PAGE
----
I would say that in the current state of Julia, you won't miss Stan since Stan.jl does a great job.
You won't miss knitr because Weave.jl is great.
You won't miss regular expressions because Julia's string macros are more powerful than anything you'd imagine. You definitely won't miss Rcpp because that entire idea is eliminated: you just write Julia code and and get the C++ speed free. However, if you were using it to wrap a C++ package, you can use Cxx.jl:
And MixedModels.jl is written by the same guy who wrote the main R statistical packages:
As for the others, some who have come to Julia don't think there's quite a replacement to ggplot yet. Gadfly.jl uses a grammar of graphics syntax, but it's limited. Plots.jl is a great plotting library, but it doesn't use grammar of graphics except in some experimental addon:
Also, DataTables/DataFrames are in flux right now:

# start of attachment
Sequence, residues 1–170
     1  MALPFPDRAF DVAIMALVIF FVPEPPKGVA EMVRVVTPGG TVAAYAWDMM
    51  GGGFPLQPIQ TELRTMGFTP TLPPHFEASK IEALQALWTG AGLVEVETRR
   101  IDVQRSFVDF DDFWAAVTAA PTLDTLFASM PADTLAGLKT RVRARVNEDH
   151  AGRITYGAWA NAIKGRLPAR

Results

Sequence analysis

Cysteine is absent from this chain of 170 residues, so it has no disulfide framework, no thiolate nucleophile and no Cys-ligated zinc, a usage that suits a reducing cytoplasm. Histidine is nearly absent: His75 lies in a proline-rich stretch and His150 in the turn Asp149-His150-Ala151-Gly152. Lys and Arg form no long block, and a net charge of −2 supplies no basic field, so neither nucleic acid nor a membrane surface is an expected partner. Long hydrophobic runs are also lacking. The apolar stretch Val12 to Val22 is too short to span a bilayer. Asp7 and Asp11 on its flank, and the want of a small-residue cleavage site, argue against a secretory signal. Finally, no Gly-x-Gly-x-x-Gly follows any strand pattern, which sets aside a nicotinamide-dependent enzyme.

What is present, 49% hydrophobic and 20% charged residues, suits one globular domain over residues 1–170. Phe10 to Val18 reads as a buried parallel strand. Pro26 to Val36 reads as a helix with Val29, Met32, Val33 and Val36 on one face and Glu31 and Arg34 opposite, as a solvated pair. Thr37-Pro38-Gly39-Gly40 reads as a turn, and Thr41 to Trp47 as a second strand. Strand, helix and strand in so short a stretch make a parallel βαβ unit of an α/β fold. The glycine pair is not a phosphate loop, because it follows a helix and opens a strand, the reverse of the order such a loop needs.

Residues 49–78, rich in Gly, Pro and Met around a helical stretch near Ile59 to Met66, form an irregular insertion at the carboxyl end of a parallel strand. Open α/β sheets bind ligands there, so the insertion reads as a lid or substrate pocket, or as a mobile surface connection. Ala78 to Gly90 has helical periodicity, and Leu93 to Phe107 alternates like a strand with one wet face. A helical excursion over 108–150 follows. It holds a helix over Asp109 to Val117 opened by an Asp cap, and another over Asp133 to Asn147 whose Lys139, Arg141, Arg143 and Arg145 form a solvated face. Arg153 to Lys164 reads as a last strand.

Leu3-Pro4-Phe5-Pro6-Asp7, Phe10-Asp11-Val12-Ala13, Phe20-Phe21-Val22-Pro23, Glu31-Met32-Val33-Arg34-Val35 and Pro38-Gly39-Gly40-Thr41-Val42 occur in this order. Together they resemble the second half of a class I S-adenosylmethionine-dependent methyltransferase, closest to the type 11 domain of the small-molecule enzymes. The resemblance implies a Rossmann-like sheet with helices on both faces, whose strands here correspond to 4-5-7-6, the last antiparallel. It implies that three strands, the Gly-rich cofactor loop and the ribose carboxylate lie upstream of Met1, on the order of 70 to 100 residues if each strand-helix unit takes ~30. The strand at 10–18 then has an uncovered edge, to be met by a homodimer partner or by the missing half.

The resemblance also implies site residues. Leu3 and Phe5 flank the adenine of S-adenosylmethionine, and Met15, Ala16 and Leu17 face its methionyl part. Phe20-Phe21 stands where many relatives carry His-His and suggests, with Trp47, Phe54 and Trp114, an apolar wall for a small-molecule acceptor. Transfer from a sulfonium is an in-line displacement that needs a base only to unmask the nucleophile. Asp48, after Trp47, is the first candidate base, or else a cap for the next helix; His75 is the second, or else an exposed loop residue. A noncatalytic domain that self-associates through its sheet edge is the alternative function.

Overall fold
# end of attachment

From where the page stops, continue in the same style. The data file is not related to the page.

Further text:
Hope that's a good overview of what to expect at this current stage. Julia, the core language itself, is much more developed than you'd probably expect, and the package ecosystem has many packages which are already more expansive than what you'd find anywhere else (especially in scientific computing, like optimization, differential equations (), and linear algebra). However, I think those two points (and maybe a few others) are where we are still lacking some.
However, the point I'd like to end on is that, in Julia, I find it so easy to write efficient code that in many cases packages aren't necessary in ways they are in other languages.